where the second column width is explicitly written. If we
wanted to have three frames across the screen, two occupying
20% each and one occupying the remaining 60%, we could use
<FRAMESET COLS = “20%,20%, *”> or
<FRAMESET COLS = “20%,20% 60%”>.
Column widths can also be specified using an absolute
number of pixels instead of percentages of the browser window.
If we wanted the window to be split into rows instead of columns,
we could use the ROWS attribute instead. The ROWS attribute
accepts values in percentages or number of pixels, just as the
COLS attribute does. The third attribute that can be used within the
beginning <FRAMESET> tag is the BORDER attribute. Setting this
attribute to zero, (0) will give a seamless look to the window containing the frames.
Otherwise, you can give this attribute a number of pixels for a
prescribed border width between the frames.
- After specifying the layout of the frames with the frameset tag,
we must define the two frames themselves using the tag.
There are two very important attributes of the FRAME tag. The SRC
attribute specifies the HTML page that should be displayed in the frame
and is required. The NAME attribute lets us identify the frame as the
“target” for a link. In this example, when the user clicks on a course in
the left frame, we want the HTML file containing that course description
to appear in the right frame. So, in the link for each course in the left frame,
we will specify that the target (where we want the linked file to appear) is the
There are four attributes which define the appearance of the frame.
The MARGINHEIGHT and MARGINWIDTH take pixel values that
define the side, top and bottom margins of the frame. The SCROLLING
attribute controls whether or not the frame should always (“yes”) or never
(“no”) use scrollbars. If the SCROLLING attribute is “auto”, the browser
window will add scrollbars, if needed. The NORESIZE attribute tells the
browser whether the frame can be re-sized (or scaled) if the frame does not
fit the indicated dimensions.
We will display the list of CIS courses in the left frame and the course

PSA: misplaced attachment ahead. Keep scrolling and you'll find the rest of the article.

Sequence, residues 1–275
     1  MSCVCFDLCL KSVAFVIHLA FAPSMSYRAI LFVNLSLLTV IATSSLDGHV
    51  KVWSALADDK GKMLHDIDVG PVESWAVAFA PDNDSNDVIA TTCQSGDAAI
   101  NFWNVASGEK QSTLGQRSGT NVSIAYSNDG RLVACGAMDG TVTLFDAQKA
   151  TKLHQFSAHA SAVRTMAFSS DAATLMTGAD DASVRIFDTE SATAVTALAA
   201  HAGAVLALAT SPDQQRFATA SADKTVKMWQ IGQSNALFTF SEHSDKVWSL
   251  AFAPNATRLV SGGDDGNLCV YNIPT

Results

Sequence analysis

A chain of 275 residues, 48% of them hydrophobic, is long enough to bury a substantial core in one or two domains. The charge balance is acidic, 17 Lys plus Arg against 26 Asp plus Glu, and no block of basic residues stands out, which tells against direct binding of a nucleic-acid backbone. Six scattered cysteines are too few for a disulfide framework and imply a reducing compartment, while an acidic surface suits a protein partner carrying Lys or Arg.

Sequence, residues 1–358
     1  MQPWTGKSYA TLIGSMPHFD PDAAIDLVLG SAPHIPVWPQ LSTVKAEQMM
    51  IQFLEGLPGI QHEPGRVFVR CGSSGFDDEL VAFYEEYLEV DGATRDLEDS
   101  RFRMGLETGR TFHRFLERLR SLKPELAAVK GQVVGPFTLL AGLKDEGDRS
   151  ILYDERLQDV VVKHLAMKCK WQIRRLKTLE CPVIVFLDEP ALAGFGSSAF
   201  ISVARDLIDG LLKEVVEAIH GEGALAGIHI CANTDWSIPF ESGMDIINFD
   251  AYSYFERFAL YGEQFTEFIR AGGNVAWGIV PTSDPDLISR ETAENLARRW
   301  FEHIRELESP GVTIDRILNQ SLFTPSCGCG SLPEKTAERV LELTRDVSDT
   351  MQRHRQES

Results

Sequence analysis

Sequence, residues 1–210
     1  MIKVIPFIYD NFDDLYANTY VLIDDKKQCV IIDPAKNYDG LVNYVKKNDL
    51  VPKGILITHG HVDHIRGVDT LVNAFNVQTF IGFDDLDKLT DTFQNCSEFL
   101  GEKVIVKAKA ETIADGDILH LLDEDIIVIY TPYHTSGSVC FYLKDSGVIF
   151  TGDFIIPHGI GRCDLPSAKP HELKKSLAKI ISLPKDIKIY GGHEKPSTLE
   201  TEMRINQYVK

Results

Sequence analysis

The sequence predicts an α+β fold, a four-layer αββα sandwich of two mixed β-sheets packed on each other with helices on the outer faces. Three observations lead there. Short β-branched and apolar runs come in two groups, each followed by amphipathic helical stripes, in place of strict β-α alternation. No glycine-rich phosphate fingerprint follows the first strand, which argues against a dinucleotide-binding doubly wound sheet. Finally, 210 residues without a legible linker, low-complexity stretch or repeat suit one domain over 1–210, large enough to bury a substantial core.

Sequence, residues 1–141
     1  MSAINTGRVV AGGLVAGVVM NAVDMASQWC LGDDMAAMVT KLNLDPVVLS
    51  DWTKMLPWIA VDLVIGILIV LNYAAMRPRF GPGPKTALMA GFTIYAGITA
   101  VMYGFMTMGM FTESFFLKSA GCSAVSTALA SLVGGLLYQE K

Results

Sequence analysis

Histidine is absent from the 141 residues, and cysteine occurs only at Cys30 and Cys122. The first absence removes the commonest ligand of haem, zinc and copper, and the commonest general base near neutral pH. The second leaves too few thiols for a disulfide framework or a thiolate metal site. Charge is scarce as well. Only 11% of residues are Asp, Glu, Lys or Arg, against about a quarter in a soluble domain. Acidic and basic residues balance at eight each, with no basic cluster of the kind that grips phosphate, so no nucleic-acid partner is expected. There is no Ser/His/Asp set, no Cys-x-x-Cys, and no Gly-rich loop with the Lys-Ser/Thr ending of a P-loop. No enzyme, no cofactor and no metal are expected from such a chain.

descriptions in the right frame. Since the SRC attribute, which indicates
which file to display in the frame, is required, we will put the course
description for the first course in the list in this frame to start. In between
the beginning and ending FRAMESET tags, add the following FRAME tags.
If the first file in your list is CIS101, then the value for the SRC attribute in the
second frame tag should be “CS101.htm” as it is below. If you have a different
course as the first one in your list, indicate the file containing the course description
for that course instead.
<FRAME SRC = “CIScourses.htm” NAME = “left”>
<FRAME SRC = “CS101.htm” NAME = “right”>
- Save your file and view it in a browser. The links on the left will not be
active yet, because we have not defined them as links yet.
- The final step is to define the links in the course list as links.
Open the “CIScourses.htm” file in Notepad. Make each course
in the list a link by surrounding it with anchor
<A HREF = “CS101.htm” TARGET = “right”> … </A> tags.
The value for the HREF attribute should be the corresponding
HTML file containing the description of the course. For each
the TARGET attribute should be the NAME of the frame in which
you want the linked file to appear. In this case, we want the linked
file to appear in the right frame, which we named “right”. For
example, the list item for the first course in my file looks like this:
<LI> <A HREF = "CS101.htm" TARGET = "right">
CS101 Survey of Computers and Computing</A>
Make each item in your list a link to the corresponding course description and specify the TARGET as “right”.
Save your file and view it in a browser. Try making the browser window
smaller and see the scrollbars appear as needed. Try each link in the left frame
and make sure the correct course description appears in the right frame.
- A Beginner's Guide to HTML
- HTML: A Guide For Beginners
- HTML: An interactive guide for beginners.
- HTML and XHTML Information
- HTML reference including browser suppport